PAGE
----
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VEA Celebrates 150 Years of Advocacy for Children and Public Education

For 150 years, VEA has stood for educators and public schools.

On December 29, 1863, 50 men gathered at the First Baptist Church in Petersburg, steadfast in the belief that an organization formed in support of teaching would contribute to the nascent movement to educate the masses. Their immediate aims were twofold: to determine how schools could get textbooks as the Civil War raged and to create a system through which the state’s educators could communicate. Within a few years, they had the necessary commitment and a new name—the Educational Association of Virginia, forerunner of today’s Virginia Education Association.

So it is that VEA celebrates its 150th birthday in 2013.

Celebration of VEA’s 150th anniversary kicked off with a special open house on VEA Lobby Day in Richmond, January 28. (Click here for photos.) At  the open house, a specially created exhibit was unveiled, which will be presented this year at the VEA Delegate Assembly in Hampton as well as at the summer Reggie Smith Organizing School and the fall Teaching and Learning conference.

On this page, you’ll find informational materials about many aspects of VEA’s history and accomplishments, including the history of the Virginia Teachers Association (VTA), the all-black organization with which VEA merged in 1967. Most were written by William Johnson, former communications director for VEA, who is preparing a history of the VEA.

Learn More About Our History

  • "VEA Celebrates 150." This is a Power Point with script suitable for giving a brief presentation on VEA's 150th birthday. Download it here.
  • “Happy 150th Birthday.” This cover story published in the February 2013 issue of the Virginia Journal of Education provides a synopsis of the history of the VEA and VTA, with a particular emphasis on how the Association has been a force in advocating for children, advocating for professionalism, advocating for human and civil rights, and advocating for teachers and school employees. Read it here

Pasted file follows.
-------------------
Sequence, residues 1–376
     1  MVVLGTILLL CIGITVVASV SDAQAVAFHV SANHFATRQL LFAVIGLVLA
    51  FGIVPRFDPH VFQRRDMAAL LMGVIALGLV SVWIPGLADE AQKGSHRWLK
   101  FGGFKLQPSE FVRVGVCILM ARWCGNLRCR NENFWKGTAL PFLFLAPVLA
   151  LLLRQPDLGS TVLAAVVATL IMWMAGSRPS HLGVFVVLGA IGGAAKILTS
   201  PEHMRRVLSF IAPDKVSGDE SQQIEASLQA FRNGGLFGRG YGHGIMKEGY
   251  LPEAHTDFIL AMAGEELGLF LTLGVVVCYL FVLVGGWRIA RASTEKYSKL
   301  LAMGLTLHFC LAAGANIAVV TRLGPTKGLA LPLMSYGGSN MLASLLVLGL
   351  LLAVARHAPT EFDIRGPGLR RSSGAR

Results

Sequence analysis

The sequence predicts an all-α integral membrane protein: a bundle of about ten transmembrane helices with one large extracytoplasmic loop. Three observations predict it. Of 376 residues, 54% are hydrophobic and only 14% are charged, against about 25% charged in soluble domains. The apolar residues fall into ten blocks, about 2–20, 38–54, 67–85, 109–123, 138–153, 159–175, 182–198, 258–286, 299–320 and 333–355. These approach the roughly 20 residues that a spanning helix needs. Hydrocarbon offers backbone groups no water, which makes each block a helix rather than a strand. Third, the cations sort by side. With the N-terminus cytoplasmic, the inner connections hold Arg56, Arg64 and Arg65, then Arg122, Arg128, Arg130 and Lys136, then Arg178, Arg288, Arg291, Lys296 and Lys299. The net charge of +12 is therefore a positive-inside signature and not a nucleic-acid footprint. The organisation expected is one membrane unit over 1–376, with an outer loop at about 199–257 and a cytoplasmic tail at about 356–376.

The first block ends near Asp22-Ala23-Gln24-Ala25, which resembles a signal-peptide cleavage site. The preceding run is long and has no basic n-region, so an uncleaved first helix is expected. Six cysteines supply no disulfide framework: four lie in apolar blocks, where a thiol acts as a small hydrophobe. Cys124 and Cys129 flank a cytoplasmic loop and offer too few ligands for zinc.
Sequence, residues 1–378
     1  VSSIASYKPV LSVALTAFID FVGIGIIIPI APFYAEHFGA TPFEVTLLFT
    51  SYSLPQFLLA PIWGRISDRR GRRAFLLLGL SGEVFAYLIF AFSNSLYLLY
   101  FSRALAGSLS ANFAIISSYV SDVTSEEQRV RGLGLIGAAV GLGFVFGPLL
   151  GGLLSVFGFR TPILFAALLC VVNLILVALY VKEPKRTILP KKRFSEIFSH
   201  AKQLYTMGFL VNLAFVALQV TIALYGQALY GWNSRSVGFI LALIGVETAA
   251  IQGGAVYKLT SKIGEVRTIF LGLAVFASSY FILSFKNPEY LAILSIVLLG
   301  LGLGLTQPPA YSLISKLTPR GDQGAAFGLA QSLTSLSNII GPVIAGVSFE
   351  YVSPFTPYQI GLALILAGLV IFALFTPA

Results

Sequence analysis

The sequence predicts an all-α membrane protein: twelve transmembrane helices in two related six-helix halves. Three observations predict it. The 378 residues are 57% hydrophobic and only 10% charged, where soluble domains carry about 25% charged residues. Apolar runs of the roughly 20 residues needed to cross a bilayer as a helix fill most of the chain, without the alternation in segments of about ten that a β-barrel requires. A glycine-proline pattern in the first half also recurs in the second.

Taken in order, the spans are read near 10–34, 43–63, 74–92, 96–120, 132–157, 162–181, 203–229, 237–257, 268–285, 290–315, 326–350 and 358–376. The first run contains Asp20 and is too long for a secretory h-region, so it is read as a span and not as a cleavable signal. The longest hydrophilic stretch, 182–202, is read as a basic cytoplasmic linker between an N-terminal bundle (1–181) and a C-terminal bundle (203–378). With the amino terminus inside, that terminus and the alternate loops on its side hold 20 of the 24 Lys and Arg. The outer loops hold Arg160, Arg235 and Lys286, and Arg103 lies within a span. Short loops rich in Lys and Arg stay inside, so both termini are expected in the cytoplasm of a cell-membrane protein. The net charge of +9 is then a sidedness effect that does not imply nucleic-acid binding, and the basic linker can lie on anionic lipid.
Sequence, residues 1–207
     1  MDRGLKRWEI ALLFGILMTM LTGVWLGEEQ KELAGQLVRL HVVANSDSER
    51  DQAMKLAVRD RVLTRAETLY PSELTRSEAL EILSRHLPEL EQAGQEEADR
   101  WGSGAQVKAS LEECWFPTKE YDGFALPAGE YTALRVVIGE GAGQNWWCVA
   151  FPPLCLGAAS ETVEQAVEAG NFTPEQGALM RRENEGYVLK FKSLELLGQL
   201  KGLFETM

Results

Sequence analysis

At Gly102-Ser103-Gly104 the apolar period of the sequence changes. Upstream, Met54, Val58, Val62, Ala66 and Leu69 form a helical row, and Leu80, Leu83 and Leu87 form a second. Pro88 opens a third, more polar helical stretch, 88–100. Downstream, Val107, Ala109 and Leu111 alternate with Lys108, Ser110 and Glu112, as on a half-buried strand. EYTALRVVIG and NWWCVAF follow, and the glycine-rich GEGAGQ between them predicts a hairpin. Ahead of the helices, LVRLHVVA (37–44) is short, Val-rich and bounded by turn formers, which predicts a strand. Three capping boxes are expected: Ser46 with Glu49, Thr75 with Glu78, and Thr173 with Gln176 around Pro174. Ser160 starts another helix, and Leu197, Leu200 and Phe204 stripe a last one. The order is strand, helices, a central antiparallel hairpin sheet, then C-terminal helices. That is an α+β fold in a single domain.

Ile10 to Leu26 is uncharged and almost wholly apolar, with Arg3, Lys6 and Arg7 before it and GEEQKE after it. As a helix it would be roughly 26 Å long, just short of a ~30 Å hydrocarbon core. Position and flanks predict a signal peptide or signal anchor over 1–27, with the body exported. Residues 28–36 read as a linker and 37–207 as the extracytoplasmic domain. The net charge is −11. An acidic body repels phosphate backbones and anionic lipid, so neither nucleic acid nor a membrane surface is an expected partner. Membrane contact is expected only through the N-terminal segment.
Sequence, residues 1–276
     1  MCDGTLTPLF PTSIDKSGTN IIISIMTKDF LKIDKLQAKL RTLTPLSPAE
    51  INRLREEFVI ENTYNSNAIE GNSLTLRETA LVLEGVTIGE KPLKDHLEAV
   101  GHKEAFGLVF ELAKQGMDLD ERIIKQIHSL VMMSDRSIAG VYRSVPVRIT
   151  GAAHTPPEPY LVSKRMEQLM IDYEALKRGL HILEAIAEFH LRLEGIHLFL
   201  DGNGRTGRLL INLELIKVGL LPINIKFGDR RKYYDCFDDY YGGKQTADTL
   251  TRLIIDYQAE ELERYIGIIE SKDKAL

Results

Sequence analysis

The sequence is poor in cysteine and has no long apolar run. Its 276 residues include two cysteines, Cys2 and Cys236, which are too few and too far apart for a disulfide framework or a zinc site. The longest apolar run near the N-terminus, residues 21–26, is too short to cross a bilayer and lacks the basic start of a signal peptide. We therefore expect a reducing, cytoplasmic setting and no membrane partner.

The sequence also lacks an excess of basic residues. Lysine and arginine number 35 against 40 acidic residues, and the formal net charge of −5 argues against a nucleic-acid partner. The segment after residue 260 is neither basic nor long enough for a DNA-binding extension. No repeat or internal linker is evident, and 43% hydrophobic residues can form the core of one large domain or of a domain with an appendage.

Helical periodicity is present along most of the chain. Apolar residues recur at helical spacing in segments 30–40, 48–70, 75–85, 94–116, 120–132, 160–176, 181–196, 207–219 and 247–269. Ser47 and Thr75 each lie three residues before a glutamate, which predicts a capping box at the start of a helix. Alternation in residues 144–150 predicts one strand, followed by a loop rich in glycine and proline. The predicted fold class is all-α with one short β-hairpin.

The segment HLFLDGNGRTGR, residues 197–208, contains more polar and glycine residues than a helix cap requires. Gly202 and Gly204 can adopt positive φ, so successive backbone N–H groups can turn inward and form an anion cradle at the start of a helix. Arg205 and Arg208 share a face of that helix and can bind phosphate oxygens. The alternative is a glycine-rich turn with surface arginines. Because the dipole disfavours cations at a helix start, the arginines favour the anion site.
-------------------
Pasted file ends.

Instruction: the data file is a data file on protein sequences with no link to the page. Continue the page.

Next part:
• “Education in the Early Years: From Colony to Commonwealth.” Explores the slow growth of education in the years preceding the VEA’s formation. Read it here.
  •  “The Call to Union.” “Few subjects are of more importance than common schools,” read the invitation to the meeting in 1863 that led, eventually, to the formation of the VEA. Find out more about the formation of our Association. Read it here.
  • “Role of Religious Leaders in Forming Virginia’s Public Schools.” The push for public education in Virginia was led, in many ways, by religious leaders. Read it here.
  • “Early VEA Leaders.” Learn the fascinating history of early leaders of the Association. Read it here.
  • "Public Schools Initially a Hard Sell." The first public schools in Virginia faced what has become a familiar challenge: lack of adequate funding. Read it here.
  • "First 20 Years of the VEA." The new union that came to be known as the VEA spawned what has become the Virginia Journal of Education and witnessed the birth of a system of public schools in Virginia. Read it here.
  • "Two Decades of Organizational Struggle." The Association was changing, as educators discussed the basics and value of a union. Read it here.


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